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HIV Prevention

HIV, human immunodeficiency virus, is the virus that can lead to acquired immunodeficiency syndrome (AIDS). Unlike some other viruses, the human body cannot get rid of HIV. The only way to know if you are infected with HIV is to be tested. Currently, there is no effective cure for HIV; however, HIV can be controlled with proper medical care.

HIV Testing

An HIV test is the only way to know if you or a partner has HIV. There are an estimated 1.2 million people in the United States have HIV, including about 158,500 people who are unaware of their status. Nearly 40% of new HIV infections are transmitted by people who don’t know they have the virus. For people with undiagnosed HIV, testing is the first step in maintaining a healthy life and preventing HIV transmission.

Outreach testing services are offered by community-based organizations and local health departments who receive funding from the Indiana Department of Health through grants. Our partners use a rapid antibody screening test usually with blood from a finger prick or with oral fluid and results are ready in 30 minutes or less.

Frequently Asked Questions
  • Should I get tested?

    CDC recommends that everyone between the ages of 13 and 64 get tested at least once as a part of their routine health care. People with higher risk factors, such as more than one sex partner, other STDs, gay and bisexual men and individuals who inject drugs should be tested at least once a year. To learn more about HIV/AIDS visit:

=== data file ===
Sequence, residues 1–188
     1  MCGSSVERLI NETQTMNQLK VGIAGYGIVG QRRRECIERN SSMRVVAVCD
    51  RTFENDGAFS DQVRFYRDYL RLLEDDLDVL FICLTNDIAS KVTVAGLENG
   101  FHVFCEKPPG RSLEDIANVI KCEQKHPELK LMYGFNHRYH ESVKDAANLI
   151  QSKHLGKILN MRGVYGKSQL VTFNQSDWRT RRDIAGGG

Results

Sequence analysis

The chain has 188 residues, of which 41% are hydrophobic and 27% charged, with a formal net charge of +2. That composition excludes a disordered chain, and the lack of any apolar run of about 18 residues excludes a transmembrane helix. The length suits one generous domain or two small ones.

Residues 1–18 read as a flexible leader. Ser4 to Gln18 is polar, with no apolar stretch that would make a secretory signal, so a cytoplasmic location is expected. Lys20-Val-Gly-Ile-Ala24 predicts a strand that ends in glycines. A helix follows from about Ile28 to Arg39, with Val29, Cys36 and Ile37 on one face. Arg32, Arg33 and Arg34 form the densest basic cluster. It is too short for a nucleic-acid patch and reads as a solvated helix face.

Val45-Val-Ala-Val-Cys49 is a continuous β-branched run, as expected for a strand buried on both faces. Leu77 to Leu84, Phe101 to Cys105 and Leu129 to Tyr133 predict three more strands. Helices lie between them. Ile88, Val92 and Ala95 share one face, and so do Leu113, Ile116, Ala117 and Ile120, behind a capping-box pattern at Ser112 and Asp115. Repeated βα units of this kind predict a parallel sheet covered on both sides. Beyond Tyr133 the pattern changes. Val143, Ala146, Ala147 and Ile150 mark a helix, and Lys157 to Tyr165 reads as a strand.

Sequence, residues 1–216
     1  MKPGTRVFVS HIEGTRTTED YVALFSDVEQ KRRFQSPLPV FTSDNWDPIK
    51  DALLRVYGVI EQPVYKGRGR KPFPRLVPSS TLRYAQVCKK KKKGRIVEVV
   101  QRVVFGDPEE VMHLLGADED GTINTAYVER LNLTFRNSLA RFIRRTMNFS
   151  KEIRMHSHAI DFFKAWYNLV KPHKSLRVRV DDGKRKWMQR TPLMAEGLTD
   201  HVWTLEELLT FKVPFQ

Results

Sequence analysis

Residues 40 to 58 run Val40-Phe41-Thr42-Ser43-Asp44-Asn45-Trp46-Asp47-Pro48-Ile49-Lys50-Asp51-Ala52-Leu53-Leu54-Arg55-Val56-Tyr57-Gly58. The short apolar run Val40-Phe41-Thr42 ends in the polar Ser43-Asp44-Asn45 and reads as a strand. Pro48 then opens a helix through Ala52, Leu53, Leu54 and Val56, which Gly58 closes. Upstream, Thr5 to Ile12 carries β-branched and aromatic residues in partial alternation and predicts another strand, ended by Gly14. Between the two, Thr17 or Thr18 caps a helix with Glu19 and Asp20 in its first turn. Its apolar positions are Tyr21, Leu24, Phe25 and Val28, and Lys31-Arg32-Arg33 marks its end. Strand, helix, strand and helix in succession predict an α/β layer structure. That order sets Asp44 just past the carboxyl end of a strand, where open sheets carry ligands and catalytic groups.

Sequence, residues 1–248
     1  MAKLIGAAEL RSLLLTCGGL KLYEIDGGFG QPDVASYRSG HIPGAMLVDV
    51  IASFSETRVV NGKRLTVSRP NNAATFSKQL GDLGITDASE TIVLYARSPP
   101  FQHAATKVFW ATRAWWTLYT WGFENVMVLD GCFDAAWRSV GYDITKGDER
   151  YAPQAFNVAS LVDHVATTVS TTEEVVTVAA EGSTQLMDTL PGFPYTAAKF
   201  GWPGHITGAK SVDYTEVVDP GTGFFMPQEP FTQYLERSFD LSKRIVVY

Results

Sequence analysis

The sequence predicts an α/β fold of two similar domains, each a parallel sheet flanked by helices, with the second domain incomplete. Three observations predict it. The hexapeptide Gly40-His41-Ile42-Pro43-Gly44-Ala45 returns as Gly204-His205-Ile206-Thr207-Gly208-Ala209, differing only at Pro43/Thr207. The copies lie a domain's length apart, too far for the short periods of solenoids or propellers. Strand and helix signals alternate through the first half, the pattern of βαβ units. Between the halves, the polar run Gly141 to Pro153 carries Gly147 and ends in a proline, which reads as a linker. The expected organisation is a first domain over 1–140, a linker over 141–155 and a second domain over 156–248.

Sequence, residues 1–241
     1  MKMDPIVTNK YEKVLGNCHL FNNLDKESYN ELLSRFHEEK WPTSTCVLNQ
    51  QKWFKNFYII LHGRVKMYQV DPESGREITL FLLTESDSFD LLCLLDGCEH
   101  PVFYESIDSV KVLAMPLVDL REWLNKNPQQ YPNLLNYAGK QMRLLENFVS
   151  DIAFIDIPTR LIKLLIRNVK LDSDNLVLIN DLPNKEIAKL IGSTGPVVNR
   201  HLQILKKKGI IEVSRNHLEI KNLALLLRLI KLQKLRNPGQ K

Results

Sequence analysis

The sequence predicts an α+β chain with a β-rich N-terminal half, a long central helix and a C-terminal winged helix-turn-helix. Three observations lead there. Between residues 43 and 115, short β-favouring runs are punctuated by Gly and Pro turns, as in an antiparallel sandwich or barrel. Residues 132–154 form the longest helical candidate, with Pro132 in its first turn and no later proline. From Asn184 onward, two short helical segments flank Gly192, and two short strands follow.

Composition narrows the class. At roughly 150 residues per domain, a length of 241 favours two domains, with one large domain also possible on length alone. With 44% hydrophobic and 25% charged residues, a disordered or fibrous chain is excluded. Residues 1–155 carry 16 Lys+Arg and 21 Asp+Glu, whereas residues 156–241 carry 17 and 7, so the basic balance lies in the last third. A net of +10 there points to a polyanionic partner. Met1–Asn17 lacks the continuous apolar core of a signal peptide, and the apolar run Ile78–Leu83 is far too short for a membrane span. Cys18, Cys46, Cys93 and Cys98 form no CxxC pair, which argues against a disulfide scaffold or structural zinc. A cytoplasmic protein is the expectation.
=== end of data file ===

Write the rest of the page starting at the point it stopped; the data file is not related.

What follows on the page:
• How do I know if I am at risk to get HIV?

    Knowing your risk can help you make important decisions to prevent exposure to HIV. The CDC has developed the HIV Risk Reduction Tool to help you know risk and for better understanding of how different prevention methods like using condoms or taking PrEP, can reduce your risk. Overall, an American has a 1 in 99 chance of being diagnosed with HIV at some point in their lifetime. However, the lifetime risk is much greater among some populations. If current diagnosis rates continue the lifetime risk of getting HIV is:

    • 1 in 6 for gay and bisexual men overall
    • 1 in 2 for Black/African American gay and bisexual men
    • 1 in 4 for Hispanic gay and bisexual men
    • 1 in 11 for white gay and bisexual men
    • 1 in 20 for Black/African American men overall
    • 1 in 48 for Black/African American women overall
    • 1 in 23 for women who inject drugs
    • 1 in 36 for men who inject drugs

    Your health behaviors also affect your risk. You can get or transmit HIV only through specific activities. HIV is commonly transmitted through anal or vaginal sex without a condom or sharing injection and other drug injection equipment with a person infected with HIV. Substance use can increase the risk of exposure to HIV because alcohol and other drugs can affect your decision to use condoms during sex. To learn more about your HIV risk and ways to reduce these risks, visit: